Around the corner from the statue is the Vittorio Emmanuele Monument. It is a beautiful building to see, and you can catch a changing of the guard ceremony here (but we weren’t able to find the schedule when we were there). The building has a large panoramic view terrace on the top, and I definitely recommend going up to have a look. The elevator is at the back of the monument, and when you reach the top you are met with a stunning 360 degree view of the beautiful ancient city. It has a great view of The Colosseum and the Forum. I bet it would be stunning at sunset too!

Photo of the changing of the guard ceremony at the Vittorio Emanuele Monument in Rome.

Changing of the guard ceremony at Vittorio Emmanuele Monument.

Panoramic photo of the view from the top of the Vittorio Emanuele Monument.

View from the panoramic view terrace.

Vatican City

The afternoon saw us head to Vatican City. We joined another tour (from the same company) to gain fast entry to the Vatican Museum but once there we realised it had been a total waste of money. There were no lines and we could have gotten in straight away. Apparently the lines are a lot shorter very late in the afternoon, as was the case for us. We were visiting just outside of the peak season too, so there were less tourists around than normal.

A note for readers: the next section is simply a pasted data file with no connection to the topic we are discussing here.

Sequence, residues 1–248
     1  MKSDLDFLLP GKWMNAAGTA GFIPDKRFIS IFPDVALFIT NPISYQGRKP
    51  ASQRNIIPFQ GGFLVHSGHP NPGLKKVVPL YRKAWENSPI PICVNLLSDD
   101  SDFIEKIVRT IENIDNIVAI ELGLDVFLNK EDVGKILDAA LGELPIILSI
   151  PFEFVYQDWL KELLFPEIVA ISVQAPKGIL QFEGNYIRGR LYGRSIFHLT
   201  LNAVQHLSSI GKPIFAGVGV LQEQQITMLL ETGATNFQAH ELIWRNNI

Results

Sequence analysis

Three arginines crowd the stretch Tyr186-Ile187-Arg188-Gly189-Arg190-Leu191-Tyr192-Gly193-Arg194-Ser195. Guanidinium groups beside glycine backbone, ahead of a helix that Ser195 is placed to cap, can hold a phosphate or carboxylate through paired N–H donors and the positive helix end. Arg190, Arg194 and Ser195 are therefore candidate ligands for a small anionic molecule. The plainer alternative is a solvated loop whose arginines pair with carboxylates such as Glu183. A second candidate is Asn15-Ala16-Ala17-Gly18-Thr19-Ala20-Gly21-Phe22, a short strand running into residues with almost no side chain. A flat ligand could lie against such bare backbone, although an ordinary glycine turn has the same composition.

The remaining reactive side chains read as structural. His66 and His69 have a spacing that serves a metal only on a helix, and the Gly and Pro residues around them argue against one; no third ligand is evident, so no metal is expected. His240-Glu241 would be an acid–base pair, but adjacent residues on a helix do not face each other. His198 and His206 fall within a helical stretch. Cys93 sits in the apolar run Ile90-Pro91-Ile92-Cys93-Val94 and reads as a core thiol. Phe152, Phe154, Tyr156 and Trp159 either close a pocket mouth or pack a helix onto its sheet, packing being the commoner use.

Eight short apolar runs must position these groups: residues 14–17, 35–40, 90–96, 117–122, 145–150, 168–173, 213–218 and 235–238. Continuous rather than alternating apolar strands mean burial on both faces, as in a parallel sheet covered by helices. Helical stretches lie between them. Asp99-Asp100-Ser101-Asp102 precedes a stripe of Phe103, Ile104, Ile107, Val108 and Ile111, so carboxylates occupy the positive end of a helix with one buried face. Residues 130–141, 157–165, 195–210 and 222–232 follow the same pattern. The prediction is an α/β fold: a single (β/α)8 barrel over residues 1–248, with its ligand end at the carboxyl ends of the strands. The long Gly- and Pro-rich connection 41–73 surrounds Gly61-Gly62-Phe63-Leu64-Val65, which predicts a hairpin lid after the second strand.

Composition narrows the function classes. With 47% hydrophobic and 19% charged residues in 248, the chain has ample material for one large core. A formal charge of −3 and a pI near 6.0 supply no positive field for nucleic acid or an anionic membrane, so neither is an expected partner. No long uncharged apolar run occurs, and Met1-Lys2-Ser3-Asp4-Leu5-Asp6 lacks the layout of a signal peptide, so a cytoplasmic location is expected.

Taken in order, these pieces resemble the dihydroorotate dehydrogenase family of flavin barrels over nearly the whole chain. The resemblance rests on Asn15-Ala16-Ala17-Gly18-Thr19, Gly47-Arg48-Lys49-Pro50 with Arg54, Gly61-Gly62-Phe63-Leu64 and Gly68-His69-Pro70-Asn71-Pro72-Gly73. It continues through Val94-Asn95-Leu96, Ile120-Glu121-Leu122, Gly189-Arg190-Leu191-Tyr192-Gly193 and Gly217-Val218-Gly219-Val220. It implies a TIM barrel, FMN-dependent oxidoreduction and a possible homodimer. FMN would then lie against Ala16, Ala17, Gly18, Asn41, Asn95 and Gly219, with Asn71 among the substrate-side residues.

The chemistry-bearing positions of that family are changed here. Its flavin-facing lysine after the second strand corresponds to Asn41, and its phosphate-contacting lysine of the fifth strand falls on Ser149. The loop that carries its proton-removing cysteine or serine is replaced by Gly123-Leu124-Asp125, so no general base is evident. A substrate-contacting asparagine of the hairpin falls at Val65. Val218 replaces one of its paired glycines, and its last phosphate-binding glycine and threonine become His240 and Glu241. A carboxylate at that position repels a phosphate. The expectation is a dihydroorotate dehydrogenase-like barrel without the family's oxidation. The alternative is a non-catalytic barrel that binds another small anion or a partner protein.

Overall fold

Photo of a statue of Arno at the Vatican Museums.

River God (Arno).
(Tap the image for more photos)

Photo of the Laocoön sculpture at the Vatican Museums.
Photograph of the Venus Felix at the Vatican Museums.
Photo of the beautiful Belvedere Apollo statue in the Vatican Museums.